Jos Buttler looked back on a watershed moment from England’s Adelaide past to seek inspiration for his attempt to take a giant step towards winning the Twenty20 World Cup.
It was here at the magnificent Adelaide Oval seven years ago that English white-ball cricket reached its nadir when a very different, old-fashioned England side were beaten by Bangladesh and crashed out of the 50-over World Cup.
How long ago that seems now, how different England’s white-ball cricket has been since and how Buttler would love cementing his own succession to the captaincy by beating India and reaching the final of his first major tournament in charge.
Jos Buttler is fuelled by the humiliating white-ball defeat to Bangladesh in Adelaide in 2015
It proved to be a defeat that was the nadir but now they are targeting redemption in Adelaide
How ironic, too, it seems now that the then England coach Peter Moores was pilloried for apparently saying ‘we will need to look at the data’ when asked his thoughts by the BBC on that Bangladesh defeat – he later told Sportsmail he actually said ‘we will need to look at it later’ – when modern Twenty20 cricket is so obsessed with statistics, ‘match-ups’ and analytics.
‘We’ve actually been talking about that in the dressing room,’ said Buttler, one of surprisingly five survivors in the England squad from that fateful day along with Moeen Ali, Alex Hales, Chris Woakes and Chris Jordan.
‘It’s been clear to see the change in our mindset. It was a real line in the sand moment for English cricket and it’s been a fantastic journey to be involved in since then.
‘You only have to watch our younger guys to see that the way we play now is ingrained in English cricket. To be in another semi-final with a level of expectation that we should perform well is a great place to be for this team.’
Moeen Ali (right) is one of five survivors in the current team, which is captained by Buttler
Now, though, comes the crunch. Now comes the moment we will discover whether England really have launched a new white-ball era under Buttler and coach Matthew Mott, as they insisted at the start of this tournament.
Or whether what is actually an ageing England side have reached their peak and are now struggling to create that legacy Moeen Ali talked about the other day by winning more than the one white-ball tournament since the Andrew Strauss inspired 2015 revolution.
The might of India and their array of box-office talents, led by a rejuvenated Virat Kohli and the new sensation Suryakumar Yadav, provide formidable opposition on Thursday and will be backed by the majority of what is expected to be a sell-out 45,000 crowd.
Among them on the sidelines will be Eoin Morgan, the captain who did most to transform English white-ball cricket but now here as a broadcaster rather than his original plan of bowing out in Australia by leading England to another world white-ball title.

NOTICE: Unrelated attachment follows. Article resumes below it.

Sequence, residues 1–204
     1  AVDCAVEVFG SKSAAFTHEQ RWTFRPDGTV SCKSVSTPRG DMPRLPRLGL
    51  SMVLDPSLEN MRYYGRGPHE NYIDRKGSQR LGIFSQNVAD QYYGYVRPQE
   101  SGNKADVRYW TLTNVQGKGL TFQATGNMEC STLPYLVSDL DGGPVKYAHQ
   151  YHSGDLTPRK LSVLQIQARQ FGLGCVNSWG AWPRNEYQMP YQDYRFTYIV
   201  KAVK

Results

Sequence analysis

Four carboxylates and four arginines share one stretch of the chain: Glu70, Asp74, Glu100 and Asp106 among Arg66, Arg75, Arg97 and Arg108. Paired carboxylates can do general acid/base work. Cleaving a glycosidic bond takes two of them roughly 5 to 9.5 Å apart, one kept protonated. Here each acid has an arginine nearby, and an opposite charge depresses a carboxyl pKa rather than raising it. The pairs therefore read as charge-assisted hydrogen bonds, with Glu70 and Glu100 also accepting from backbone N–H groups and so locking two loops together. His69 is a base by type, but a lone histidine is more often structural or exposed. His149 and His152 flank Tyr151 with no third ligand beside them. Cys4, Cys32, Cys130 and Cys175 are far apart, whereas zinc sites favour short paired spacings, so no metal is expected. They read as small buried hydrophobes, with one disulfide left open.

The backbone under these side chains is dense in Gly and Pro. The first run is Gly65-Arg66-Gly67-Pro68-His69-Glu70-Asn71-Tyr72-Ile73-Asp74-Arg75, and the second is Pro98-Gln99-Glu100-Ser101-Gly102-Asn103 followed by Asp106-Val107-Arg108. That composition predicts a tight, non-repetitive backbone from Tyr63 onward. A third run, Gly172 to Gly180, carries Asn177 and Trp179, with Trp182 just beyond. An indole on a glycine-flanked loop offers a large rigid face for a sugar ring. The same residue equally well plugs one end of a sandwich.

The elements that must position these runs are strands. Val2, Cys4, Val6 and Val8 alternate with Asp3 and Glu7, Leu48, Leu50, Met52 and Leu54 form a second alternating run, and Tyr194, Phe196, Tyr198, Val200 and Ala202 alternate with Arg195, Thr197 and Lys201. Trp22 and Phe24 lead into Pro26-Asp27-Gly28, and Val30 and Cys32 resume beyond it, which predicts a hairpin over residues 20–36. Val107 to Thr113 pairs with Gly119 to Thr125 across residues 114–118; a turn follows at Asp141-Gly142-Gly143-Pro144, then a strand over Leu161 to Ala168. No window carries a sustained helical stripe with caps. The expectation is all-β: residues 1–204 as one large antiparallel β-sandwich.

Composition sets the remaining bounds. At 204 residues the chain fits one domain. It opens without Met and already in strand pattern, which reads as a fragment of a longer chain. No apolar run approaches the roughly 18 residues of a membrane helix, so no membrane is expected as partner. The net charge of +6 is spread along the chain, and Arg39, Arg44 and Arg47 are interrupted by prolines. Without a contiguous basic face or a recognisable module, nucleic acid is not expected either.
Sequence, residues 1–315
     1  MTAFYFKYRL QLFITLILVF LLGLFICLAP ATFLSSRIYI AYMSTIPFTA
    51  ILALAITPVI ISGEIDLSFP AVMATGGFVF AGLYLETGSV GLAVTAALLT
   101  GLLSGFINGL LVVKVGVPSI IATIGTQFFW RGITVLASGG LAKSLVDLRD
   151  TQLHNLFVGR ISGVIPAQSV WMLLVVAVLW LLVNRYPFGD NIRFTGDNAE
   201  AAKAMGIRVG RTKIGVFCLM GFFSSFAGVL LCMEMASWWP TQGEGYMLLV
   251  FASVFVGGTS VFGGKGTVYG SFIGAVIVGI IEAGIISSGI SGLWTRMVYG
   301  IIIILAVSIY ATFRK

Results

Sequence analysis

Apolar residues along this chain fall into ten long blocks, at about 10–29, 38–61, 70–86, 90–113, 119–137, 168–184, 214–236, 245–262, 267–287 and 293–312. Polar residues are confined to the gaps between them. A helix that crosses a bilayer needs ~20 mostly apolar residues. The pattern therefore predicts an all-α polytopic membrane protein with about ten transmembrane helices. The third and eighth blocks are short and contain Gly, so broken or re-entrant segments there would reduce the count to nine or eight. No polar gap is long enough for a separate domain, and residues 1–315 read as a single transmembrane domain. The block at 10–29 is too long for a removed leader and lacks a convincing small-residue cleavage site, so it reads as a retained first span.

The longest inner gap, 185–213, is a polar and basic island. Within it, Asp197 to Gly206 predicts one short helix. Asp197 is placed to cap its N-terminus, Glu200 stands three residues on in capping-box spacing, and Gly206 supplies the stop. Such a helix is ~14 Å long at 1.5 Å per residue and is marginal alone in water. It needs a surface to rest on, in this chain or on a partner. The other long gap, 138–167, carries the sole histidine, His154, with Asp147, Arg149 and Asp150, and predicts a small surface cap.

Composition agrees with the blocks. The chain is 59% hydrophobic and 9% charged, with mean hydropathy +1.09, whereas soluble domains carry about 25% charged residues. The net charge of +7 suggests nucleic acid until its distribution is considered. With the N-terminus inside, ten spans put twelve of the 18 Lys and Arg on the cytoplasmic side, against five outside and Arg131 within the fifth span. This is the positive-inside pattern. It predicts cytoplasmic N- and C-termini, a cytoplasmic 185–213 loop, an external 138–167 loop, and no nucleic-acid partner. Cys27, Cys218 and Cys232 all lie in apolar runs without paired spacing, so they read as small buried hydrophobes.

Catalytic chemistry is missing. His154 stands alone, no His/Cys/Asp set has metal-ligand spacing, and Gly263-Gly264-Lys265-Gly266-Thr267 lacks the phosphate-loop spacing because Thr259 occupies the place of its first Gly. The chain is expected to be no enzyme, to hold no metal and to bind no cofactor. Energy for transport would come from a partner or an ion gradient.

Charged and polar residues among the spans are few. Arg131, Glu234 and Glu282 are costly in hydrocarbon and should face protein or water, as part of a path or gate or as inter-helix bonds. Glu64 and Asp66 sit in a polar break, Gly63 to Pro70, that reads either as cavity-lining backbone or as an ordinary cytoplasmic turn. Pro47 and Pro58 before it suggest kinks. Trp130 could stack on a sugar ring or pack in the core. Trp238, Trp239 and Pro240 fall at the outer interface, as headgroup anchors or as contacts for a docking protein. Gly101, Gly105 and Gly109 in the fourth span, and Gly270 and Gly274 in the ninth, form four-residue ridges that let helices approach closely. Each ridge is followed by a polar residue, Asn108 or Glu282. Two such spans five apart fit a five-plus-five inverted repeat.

It would be easy for Morgan’s presence to cast something of a shadow over Buttler’s attempts to create a new England in his own image but the captain made it clear he is now in charge when asked on Wednesday if he would be seeking out his predecessor for advice.
Former white-ball captain Eoin Morgan (right) still speaks to Buttler as they are close friends
‘I speak to Eoin quite a lot because he’s one of my great mates,’ said Buttler. ‘But it’s very much about doing it my way now. Eoin’s not the captain of England anymore, I have to take that on and lead the team as myself.
‘We’re very much in a new time in English white-ball cricket now without him as a leader so I’m looking forward and have immense trust in the guys.’
Doing it Buttler’s way would include batting first if he wins the toss on Thursday and urging his side to carry on being brave even though the batting has spluttered rather than surged so far in this tournament.
That toss could prove crucial on a used Adelaide pitch but Buttler was at pains to insist on Wednesday that he does not see the surface which should suit India’s strengths, especially if they bat first and make England chase, as a decisive factor.
‘I’ve talked to the groundsman and he seems really confident he’s had time to put some good work into this wicket,’ said Buttler. ‘He seems comfortable it’s going to be a really good and consistent surface. At the moment I have no worries about the pitch.’
Buttler (right) is determined to right the wrongs of 2015 and guide England to a T20 World Cup
What Buttler does have concerns about is the need to make changes for the first time in this tournament. Dawid Malan looked far from fully fit while running and attempting to bat on Wednesday and looks sure to miss out. He seems certain to be replaced by Phil Salt.
‘He has a fantastic mindset, especially for the T20 format,’ said the captain of Salt.
‘He doesn’t fear anyone and is someone who wants to get on the front foot and take the game on. He would certainly not shy away from the occasion if he’s called upon.’
More worryingly, Mark Wood appeared to struggle through bowling 12 or so balls in practice on Wednesday and seems a much bigger doubt than first feared when he suffered ‘general stiffness’ on Tuesday.
He actually seems to have a problem in his hip and could miss out after making a big impression on this World Cup with his extreme pace. Jordan is the favourite to come in ahead of Tymal Mills should Wood miss out.
‘We will see how they both pull up,’ said Buttler of Malan and Wood. ‘We are trying to give them as long as possible but we will need guys to be fully fit.’
England also need all their players to be at their very best. Otherwise, for the second successive year, they could face elimination at the semi-final stage and another near miss in their quest for lasting white-ball greatness.
There are growing concerns that Dawid Malan (right) will run out of time to prove his fitness ahead of Thursday’s semi-final match-up against India